He has thought deeply about what blessings are. They’re not from outer space or mystical forthcomings, but from “the love of goodness and truth,” which he experienced after he removed himself from the selfish Western culture. “What we lack in the West is not reason and logic, the worldly wisdom. What we lack is real understanding of the universe itself. When we are mindful we can begin to tune into the universe. . . . The Buddha’s teachings point inward to our heart and mind where universal wisdom can inform us. With universal wisdom . . . we can relate to the material world with wisdom, compassion, and love.”
The Jetavana Temple Forest Monastery is in a beautiful setting. The weather was New England summertime perfect, and we felt honored to be in the presence of the monastic sangha, a venerated pioneer, and the multi-cultural lay community.
The abbott of this monastery, Ajahn Jayanto will return to the Upper Valley for his third daylong retreat as a Valley Insight visiting teacher on Saturday, September 9. The details for this retreat will be posted on our website by early August.
Sangha member Rob Chambers recently spent 6 weeks in Burma studying with U Tejaniya. Rob is currently back visiting in the Upper Valley and shared his Burma experiences with us in December, 2016. He showed slides of the country and led us in a Tejaniya-style meditation practice. This style is specifically focused on mindfulness in everyday life and provides guidelines that encourage cultivating mindfulness in a comfortable, accessible method appropriate for every moment of our lives.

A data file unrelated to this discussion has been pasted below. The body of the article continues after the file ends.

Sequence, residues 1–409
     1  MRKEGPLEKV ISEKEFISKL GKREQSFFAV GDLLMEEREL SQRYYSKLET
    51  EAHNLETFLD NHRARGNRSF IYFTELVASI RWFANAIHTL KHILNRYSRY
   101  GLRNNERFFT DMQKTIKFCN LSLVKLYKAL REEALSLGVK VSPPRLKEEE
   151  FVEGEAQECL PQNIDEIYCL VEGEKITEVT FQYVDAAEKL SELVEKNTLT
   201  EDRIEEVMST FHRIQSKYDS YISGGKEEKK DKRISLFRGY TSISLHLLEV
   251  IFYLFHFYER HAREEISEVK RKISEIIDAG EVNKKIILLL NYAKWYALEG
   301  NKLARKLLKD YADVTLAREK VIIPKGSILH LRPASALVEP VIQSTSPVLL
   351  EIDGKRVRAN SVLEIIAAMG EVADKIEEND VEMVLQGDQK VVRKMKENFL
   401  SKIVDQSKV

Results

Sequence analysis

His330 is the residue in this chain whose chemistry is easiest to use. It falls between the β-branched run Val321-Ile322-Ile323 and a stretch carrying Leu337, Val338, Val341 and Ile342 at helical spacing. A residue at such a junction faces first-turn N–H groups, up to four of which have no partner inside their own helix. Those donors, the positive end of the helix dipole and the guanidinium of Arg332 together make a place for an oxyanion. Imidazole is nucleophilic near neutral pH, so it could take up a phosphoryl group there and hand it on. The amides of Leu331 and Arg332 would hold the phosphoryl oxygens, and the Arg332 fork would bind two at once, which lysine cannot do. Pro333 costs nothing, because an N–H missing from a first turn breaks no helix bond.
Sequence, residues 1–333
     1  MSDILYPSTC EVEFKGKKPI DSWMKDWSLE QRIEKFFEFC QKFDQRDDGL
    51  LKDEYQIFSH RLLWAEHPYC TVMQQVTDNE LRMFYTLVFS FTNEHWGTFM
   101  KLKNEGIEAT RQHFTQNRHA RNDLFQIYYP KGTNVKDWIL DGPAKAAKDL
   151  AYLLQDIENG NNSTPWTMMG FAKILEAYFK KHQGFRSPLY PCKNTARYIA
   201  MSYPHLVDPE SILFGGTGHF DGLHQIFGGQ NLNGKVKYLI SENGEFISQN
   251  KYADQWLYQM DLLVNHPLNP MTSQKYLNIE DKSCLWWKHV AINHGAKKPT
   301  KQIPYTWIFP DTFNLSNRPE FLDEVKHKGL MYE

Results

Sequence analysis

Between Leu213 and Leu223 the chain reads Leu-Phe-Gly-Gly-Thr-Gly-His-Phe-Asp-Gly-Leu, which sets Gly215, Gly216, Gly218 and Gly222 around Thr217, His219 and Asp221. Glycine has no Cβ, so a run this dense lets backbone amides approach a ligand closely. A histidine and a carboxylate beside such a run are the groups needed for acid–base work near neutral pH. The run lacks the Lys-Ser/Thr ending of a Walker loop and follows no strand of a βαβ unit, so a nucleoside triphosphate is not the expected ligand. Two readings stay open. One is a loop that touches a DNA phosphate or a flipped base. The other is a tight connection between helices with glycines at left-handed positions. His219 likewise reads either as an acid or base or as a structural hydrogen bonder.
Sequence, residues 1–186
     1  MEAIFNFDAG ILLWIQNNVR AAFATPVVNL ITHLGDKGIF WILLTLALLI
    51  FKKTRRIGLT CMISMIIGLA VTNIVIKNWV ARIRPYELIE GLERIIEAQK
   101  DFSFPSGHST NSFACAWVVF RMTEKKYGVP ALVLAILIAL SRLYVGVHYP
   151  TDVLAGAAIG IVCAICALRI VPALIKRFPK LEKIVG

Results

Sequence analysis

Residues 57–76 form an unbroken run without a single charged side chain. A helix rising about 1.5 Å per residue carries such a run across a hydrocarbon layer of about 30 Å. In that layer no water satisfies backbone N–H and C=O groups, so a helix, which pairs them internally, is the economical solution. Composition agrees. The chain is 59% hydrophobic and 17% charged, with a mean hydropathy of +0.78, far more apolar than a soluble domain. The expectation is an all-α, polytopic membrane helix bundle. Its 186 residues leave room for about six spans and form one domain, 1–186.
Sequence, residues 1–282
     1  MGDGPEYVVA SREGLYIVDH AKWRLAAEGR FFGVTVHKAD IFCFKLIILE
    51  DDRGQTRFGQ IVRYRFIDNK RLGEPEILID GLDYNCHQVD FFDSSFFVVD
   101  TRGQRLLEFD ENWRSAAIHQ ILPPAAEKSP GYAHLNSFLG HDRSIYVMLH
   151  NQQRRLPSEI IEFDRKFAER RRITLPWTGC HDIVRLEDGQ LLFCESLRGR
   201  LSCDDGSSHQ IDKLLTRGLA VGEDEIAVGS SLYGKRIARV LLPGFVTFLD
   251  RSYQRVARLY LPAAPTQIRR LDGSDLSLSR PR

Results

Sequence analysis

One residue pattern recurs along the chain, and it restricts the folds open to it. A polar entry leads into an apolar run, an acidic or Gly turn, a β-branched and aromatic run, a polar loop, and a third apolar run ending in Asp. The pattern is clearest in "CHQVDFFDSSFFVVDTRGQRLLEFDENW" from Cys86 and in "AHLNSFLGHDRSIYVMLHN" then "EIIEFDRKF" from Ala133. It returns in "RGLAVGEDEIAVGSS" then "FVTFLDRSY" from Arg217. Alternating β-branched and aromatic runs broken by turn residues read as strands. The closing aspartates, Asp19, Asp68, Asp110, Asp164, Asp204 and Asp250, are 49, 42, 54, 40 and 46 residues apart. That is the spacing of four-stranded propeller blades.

From Doreen about Jetavana (Temple Forest) Monastery Dedication:
The Buddhadhamma Settles into Southern NH: On Sunday June 28th, 2015, close to 300 people gathered at what we have called Temple Forest Monastery to celebrate the opening of what is now officially called Jetavana Monastery. There were dignitaries present, including Ajahn Liem, the head of the Thai Forest Lineage, the Thai Ambassador to the US, and Ajahn Veradhammo, abbot of the monastery in Ottawa, as well as many local Thai people and others from Boston and IMS. There were friends from VT Insight and the Concord, NH insight group there too. Seven of us from VIMS attended. It was magical. There were talks and chants and rituals; the nine monks present weaved among us on an alms-round to gather rice into their meals. Then we all gathered for a potluck meal with an amazing array of food. Afterwards, we returned to the large tent in the high meadow. The ceremony continued and soon we walked down hill to the unveiling of a marking stone, a glacial “erratic” now engraved with the names of the monastery. People stayed for a long time after the official events to talk informally. As Ajahn Liem said at the start of his Dhamma talk, “The most important thing here today is in the friendly conversations.”
There was lots of rain all day. Rain at an event of this magnitude is considered auspicious. And so it was: a blessed and very happy day for all.
“It is important to keep the gift moving,” a Native American saying quoted by Bruce Kantnor, previous owner of the land in Temple. The generosity of Bruce and his wife Barbara made the purchase of the entire property possible.
May 4, 2015:
Ayya Santacitta led the Monday sit. Since her last visit to VIMS, she has become fully ordained and is part of a group of nuns who are establishing a monastery in northern California, Aloka Vihara, on land purchased for them last year. In 2011, Ayya Santacitta was among the first Buddhist nuns in the Theravadan order to receive bhikkhuni, or full, ordination since the 11th century, when the order of fully ordained Buddhist nuns totally died out. She is a strong advocate for extending full ordination for women throughout the order, a somewhat controversial issue. She is also committed to “wise action” on climate justice and is inspired to encourage people to embody the Buddha’s teachings through their lives.